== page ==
And I wonder how much he reported to us was accurate. Did those secretaries really type only 35 wpm -- less than half the speed on their white counterpart? Did the black secretaries really complain, like he said they did? And was he being forthright when he said they couldn't do anything because the lawyers were white, and the secretaries were black?

     Was this fellow offering a moment of honesty about what we sometimes think of as affirmative action? Or was he being a racist? I know what my black friend at our community college would say: Racist all the way! Yet, all of the older white guys at the table, all of whom think of themselves as enlightened and non-racist, seemed to take the story as matter of fact.

     Then there's the other issue. Fast forward to 2013. The lawyer said his firm doesn't have secretaries anymore. Nobody does. They have paralegals. Everyone does their own typing, not onto a typewriter but into a computer.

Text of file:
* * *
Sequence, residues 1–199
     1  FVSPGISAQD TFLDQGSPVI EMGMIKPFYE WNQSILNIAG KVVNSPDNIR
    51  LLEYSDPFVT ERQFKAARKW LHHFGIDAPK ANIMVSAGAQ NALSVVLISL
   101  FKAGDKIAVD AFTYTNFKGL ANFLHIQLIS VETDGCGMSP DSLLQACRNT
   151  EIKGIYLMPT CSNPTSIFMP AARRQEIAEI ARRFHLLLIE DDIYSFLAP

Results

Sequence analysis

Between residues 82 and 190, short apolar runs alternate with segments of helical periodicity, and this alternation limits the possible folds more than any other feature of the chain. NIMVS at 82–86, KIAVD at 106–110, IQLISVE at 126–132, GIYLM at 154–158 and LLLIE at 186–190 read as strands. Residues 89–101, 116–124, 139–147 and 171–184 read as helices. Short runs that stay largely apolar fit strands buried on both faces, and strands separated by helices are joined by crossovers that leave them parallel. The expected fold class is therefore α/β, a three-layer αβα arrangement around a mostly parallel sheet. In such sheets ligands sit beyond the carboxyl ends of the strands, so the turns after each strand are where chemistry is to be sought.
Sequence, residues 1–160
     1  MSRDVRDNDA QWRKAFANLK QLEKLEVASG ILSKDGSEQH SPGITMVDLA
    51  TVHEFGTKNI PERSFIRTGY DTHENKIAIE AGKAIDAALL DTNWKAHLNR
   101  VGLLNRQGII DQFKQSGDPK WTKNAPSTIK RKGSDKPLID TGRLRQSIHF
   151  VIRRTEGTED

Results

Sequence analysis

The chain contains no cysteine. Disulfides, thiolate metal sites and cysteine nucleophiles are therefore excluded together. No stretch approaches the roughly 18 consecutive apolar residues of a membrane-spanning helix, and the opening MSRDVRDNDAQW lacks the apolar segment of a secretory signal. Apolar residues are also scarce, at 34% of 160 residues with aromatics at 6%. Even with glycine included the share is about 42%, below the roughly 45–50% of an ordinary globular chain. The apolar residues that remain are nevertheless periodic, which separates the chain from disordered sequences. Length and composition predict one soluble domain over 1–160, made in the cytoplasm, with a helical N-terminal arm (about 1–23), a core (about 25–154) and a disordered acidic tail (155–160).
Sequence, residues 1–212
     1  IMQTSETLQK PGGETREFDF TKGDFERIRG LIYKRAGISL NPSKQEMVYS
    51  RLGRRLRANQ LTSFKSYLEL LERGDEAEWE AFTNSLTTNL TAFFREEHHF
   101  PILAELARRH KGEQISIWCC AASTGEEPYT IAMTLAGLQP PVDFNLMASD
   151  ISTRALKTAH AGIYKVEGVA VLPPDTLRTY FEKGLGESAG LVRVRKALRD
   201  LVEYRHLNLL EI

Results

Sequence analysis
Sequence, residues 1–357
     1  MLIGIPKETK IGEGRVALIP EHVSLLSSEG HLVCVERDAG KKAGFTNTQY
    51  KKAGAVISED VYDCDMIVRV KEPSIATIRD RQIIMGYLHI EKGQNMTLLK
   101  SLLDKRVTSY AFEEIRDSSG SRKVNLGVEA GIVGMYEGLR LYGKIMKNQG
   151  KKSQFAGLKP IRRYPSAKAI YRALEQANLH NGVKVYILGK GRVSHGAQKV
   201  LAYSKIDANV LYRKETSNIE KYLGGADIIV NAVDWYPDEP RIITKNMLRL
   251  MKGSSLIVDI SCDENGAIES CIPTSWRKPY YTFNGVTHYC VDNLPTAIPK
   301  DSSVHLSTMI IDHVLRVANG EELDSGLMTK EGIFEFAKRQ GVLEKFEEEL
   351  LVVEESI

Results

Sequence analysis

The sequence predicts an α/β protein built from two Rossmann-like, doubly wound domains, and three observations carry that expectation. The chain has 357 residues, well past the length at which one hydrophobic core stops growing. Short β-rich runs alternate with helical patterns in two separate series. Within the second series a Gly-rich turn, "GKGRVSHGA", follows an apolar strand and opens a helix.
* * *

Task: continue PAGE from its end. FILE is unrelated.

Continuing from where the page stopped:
The firm replaced (I'm estimating now) roughly eight secretaries, making a decent wage, with five paralegals, who are more highly skilled, and more highly paid. But because there are only five of them instead of eight of them, they actually cost the firm less money.

     Doesn't this kind of explain, in a microcosm, the unemployment problem we have today? The lawyers are doing just fine. The firm is doing well. The more highly skilled workers are making money. But the lower skilled personnel, the old secretaries . . . those jobs have been eliminated.

     See the problem?

Thursday, December 5, 2013

How They Try to Scare Retirees

      I'm not saying that those of us who are retired, or near retirement, shouldn't be financially prudent, live sensible lives, and exercise and eat our vegetables. But sometimes we have to stand back, get some perspective, and ignore all the anxious advice we get about retirement, often from people trying to push a political agenda or sell us a financial product.

     Here are some of the ways, it seems to me, that people in the media (and some bloggers too) try to scare retirees.

     They shout fire in a crowded theater about Social Security. It's a big Ponzi scheme! It's running out of money! Baby Boomers will topple the system!